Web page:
Living With Suffering

There he proved them (Exod. 15:25).

I stood once in the test room of a great steel mill. All around me were little partitions and compartments. Steel had been tested to the limit, and marked with figures that showed its breaking point. Some pieces had been twisted until they broke, and the strength of torsion was marked on them. Some had been stretched to the breaking point and their tensile strength indicated. Some had been compressed to the crushing point, and also marked. The master of the steel mill knew just what these pieces of steel would stand under strain. He knew just what they would bear if placed in the great ship, building, or bridge. He knew this because his testing room revealed it.

It is often so with God’s children. God does not want us to be like vases of glass or porcelain. He would have us like these toughened pieces of steel, able to bear twisting and crushing to the uttermost without collapse.

He wants us to be, not hothouse plants, but storm-beaten oaks; not sand dunes driven with every gust of wind, but granite rocks withstanding the fiercest storms. To make us such He must needs bring us into His testing room of suffering. Many of us need no other argument than our own experiences to prove that suffering is indeed God’s testing room of faith.

It is very easy for us to speak and theorize about faith, but God often casts us into crucibles to try our gold, and to separate it from the dross and alloy. Oh, happy are we if the hurricanes that ripple life’s unquiet sea have the effect of making Jesus more precious. Better the storm with Christ than smooth waters without Him.

What if God could not manage to ripen your life without suffering?
Cathey Lynn

Love For A Friend

This speaks to all the tragic devasation in Texas.. Laying down your life for a friend. Praying for all involved❤

Although the story of Saul is tragic, narrating the slow descent of a man who seemed to start off his reign so well, Saul’s legacy nevertheless includes one very bright point: his son Jonathan. Jonathan’s life, however, also involves tragedy, since the sins of Jonathan’s father, Saul, have meant that Jonathan himself would never become king over Israel. Nevertheless, Jonathan’s deep humility and integrity leads him to pledge eagerly to David all the support he can offer here in 1 Samuel 20.

The critical background information to understand the friendship between David and Jonathan is found in 1 Samuel 18, where we first read that David and Jonathan loved each other with the deepest of friendship, so that their souls were knit together (1 Sam. 18:1). There, we find that Jonathan, despite being the prince of Israel and the heir apparent to the throne of Israel, nevertheless swore a covenant with David out of his deep love for his friend (1 Sam. 18:3).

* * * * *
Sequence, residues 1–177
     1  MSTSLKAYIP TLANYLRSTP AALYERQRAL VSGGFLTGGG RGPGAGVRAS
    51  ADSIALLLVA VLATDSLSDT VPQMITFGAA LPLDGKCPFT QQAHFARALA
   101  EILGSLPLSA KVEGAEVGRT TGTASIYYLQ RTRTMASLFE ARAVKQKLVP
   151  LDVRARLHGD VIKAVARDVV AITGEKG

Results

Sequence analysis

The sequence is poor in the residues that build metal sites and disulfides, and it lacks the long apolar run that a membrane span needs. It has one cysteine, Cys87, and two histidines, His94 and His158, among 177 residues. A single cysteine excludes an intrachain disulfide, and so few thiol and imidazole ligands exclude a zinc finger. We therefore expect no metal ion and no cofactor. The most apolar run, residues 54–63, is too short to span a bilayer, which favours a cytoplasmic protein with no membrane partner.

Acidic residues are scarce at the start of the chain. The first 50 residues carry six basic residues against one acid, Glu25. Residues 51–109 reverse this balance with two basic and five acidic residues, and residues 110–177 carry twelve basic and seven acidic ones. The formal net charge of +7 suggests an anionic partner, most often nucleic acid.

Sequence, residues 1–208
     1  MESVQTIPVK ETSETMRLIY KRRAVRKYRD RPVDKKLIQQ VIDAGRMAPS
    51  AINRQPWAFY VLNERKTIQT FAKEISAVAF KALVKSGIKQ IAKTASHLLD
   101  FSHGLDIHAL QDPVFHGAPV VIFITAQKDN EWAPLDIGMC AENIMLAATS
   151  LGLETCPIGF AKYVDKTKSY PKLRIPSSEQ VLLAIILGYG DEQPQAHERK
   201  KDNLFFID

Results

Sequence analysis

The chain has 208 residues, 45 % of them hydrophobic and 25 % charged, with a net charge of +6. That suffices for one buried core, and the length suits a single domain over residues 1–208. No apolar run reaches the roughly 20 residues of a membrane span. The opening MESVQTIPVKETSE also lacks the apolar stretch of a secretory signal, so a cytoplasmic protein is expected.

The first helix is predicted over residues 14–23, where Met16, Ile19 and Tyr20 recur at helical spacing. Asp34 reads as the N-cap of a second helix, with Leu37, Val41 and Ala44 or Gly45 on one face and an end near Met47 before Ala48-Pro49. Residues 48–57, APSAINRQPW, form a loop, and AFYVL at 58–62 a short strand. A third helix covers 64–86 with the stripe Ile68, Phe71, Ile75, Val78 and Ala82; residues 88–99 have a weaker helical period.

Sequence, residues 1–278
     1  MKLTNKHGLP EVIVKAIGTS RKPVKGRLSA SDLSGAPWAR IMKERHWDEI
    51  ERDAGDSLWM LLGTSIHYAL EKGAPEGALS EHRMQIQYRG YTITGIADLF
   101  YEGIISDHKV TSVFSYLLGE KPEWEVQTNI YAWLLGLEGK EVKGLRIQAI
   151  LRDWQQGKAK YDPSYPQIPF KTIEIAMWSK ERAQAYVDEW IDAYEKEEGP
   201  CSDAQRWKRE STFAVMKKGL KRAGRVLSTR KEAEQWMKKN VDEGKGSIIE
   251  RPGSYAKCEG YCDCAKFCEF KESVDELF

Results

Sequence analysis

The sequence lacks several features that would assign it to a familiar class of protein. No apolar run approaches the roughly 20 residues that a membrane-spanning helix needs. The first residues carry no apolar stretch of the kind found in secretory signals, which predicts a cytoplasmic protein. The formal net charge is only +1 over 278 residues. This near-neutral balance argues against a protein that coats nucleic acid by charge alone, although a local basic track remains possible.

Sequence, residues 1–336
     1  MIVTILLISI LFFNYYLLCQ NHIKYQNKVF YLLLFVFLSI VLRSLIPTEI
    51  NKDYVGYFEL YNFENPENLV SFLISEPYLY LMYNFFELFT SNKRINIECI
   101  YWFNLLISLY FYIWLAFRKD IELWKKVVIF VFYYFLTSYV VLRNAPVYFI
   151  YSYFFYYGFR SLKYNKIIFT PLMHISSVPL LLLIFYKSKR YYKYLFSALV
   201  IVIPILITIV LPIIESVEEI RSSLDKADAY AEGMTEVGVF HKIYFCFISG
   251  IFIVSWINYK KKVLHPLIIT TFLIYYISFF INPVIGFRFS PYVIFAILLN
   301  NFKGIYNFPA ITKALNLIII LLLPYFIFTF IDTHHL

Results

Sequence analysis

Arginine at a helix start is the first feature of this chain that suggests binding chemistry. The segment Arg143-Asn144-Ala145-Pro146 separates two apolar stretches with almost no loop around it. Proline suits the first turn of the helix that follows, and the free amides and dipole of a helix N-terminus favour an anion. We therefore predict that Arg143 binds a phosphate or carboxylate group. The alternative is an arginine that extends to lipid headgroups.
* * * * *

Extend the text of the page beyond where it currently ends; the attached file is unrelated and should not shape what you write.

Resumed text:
Here in 1 Samuel 20, the two friends not only renew their covenant (1 Sam. 20:16), but Jonathan pledges to protect David from the wrath of Saul once again. What is interesting, though, is that Jonathan demands in return that David pledge to protect Jonathan’s house (that is, his family) in the event that Jonathan will die. Jonathan seems to understand that for David to become the next king, Jonathan might die. This is not a source of bitterness for Jonathan but a source of joy, so that Jonathan prays, “May the LORD take vengeance on David’s enemies” (1 Sam. 20:16) when he makes his covenant with David.

It is obvious to us that David’s story foreshadows the story of Jesus, since Jesus is the Son of David and since the New Testament explicitly draws many comparisons between the events of David’s life and those of Jesus’. But, we should not allow David to eclipse the glory of Jonathan in foreshadowing Jesus as well. In Jonathan, we see a prince willing to die to uphold the covenant God has sworn to David and to protect David from the wrath of his own father—and all of this happens even though Jonathan is the rightful heir to the throne of Israel. In Jonathan, then, we see an uncommon level of humility—the same kind of humility modeled by Jesus Christ himself, “who, though he was in the form of God, did not count equality with God a thing to be grasped, but emptied himself, by taking the form of a servant…becoming obedient to the point of death, even death on a cross” (Phil. 2:6–8).

Therefore, let us have the same mind—that is, the same mind of humility modeled by Jonathan and ultimately by Jesus himself—among ourselves, looking not to our own interests but to the interests of others (Phil. 2:4).

Cathey Lynn